Yes, I'm finding that too.

I was lucky enough to get a big stack of Brass sheet at the local scrapper's yard which is holding out so far. Copper plumbing pipe works well also. I'd like to try putting two contrasting metals together as a soldered sandwich and doing an etch through one layer. Or maybe double sided to get a sort of filigree effect.



Left this one in the bath a good long time to get some depth.
Started to undercut the edge of the mask but it kind of works with that particular stencil type of font
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jringling
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« Reply #28 on: May 06, 2013, 04:04:16 pm »

Brass shim stock will etch through quickly. I'd be currious to hear how the soldier holds up to the bath.

With my mask technique I am limited to flat stock. The few attempts at pipe did not work well. When I get too much under-cutting it usually lifts the mask, so I do not get the depth you do without having to re-apply the mask (which is another hit-or-miss step).
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Dr cornelius quack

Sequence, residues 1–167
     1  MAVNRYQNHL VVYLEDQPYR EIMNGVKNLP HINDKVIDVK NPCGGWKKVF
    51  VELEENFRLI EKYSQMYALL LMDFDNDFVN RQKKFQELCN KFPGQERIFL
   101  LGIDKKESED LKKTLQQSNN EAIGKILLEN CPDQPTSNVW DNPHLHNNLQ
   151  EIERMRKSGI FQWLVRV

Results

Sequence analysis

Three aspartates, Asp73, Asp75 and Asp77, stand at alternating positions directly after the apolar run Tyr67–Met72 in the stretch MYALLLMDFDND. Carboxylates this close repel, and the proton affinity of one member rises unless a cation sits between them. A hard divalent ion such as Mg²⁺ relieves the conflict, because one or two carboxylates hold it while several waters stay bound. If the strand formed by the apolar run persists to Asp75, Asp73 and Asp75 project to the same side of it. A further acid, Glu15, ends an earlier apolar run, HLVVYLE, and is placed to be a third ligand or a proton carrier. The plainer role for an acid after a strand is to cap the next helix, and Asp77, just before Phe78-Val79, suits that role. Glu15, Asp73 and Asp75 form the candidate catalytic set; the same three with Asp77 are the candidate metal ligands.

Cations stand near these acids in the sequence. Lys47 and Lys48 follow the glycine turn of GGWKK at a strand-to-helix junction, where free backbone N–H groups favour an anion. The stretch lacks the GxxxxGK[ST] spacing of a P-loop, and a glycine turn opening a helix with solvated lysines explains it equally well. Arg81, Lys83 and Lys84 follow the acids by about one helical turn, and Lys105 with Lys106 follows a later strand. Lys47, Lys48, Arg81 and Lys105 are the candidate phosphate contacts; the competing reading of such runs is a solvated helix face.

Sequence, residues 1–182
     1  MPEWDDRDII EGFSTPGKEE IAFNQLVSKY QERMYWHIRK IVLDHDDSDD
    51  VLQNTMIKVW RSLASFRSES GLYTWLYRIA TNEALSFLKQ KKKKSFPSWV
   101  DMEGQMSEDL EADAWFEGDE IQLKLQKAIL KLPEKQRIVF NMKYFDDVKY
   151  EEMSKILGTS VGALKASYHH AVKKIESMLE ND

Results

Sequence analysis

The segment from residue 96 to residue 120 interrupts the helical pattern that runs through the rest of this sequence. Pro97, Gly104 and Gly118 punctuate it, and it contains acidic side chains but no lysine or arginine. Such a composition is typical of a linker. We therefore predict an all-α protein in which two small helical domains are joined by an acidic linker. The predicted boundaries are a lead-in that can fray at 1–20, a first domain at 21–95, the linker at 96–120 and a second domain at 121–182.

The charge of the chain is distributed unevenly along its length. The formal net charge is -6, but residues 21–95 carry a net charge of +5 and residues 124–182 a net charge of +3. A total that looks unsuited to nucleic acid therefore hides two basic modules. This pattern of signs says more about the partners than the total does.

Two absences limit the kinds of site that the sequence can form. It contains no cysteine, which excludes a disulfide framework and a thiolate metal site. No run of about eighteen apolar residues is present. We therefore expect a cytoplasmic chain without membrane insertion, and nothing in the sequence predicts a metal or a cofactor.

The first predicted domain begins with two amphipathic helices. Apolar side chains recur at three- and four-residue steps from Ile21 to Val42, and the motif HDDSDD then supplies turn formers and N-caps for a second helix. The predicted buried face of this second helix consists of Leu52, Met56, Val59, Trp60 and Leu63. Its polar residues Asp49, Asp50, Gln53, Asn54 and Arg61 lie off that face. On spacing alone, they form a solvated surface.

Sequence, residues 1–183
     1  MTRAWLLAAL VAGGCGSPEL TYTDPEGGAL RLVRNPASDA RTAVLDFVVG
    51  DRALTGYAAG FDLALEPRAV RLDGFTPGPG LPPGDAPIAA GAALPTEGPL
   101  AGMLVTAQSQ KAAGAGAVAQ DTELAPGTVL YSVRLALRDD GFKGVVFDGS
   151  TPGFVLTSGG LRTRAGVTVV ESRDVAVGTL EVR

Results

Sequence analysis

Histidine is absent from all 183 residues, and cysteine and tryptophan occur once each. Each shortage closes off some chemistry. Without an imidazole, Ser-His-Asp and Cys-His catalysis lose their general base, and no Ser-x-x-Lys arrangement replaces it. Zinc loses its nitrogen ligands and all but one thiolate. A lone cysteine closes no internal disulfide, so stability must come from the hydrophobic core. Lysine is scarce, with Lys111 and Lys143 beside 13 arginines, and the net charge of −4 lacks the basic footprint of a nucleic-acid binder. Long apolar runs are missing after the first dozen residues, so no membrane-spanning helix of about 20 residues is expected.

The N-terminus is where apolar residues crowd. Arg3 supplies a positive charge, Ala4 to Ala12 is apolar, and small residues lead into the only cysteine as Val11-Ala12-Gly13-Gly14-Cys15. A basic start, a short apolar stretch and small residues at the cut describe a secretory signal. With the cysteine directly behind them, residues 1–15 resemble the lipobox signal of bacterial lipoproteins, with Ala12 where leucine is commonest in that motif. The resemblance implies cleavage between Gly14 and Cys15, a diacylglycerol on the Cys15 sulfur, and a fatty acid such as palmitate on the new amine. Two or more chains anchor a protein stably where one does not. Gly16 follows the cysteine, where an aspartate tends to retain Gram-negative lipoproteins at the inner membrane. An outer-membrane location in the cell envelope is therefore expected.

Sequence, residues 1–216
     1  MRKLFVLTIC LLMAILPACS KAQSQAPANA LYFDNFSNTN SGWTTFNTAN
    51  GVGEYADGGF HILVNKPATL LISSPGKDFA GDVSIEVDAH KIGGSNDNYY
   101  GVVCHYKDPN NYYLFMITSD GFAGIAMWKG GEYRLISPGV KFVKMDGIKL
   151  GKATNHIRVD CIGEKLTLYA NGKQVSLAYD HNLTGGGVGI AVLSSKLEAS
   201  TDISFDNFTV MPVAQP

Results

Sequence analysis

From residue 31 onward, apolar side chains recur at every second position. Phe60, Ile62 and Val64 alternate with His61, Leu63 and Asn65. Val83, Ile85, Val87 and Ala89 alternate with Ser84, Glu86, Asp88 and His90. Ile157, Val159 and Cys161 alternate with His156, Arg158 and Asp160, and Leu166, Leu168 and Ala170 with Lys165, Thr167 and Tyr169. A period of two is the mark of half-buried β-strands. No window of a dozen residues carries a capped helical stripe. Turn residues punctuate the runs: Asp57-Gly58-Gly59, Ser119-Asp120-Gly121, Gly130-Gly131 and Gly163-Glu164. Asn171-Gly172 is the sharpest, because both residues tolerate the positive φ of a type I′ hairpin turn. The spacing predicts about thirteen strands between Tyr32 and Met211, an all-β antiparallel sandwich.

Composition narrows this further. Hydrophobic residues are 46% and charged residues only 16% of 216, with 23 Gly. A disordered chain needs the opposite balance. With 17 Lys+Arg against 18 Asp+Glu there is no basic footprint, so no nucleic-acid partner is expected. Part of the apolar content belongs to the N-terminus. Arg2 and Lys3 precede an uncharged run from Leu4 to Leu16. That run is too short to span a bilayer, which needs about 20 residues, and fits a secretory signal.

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« Reply #29 on: May 06, 2013, 04:37:41 pm »

Yes. I tried some 36 gauge embossing Copper the other day.
Through etch in about 5mins.
It's a bit flimsy to do much with unless you place it tight against a support backing piece.
Trying to solder it to a plate after the etch was singularly unsuccessful.

How do you mask your stuff?
A buddy of mine has just got hold of a UV box and we're going to try some photo-resist to get some half tone detail.
The vinyl sticks like nobodies business, just the occasional lift at very fine feather edges, so I tend to try and round out shapes at the drawing stage. The pads in the centres of closed letters can float off too if the font is too small.
Wraps round cylinders dead easy too.
One trick that works well is to etch a flat surface and then dome it out with a bossing mallet and sandbag. Surprising how much shape you can put into the metal without distorting the letters too much.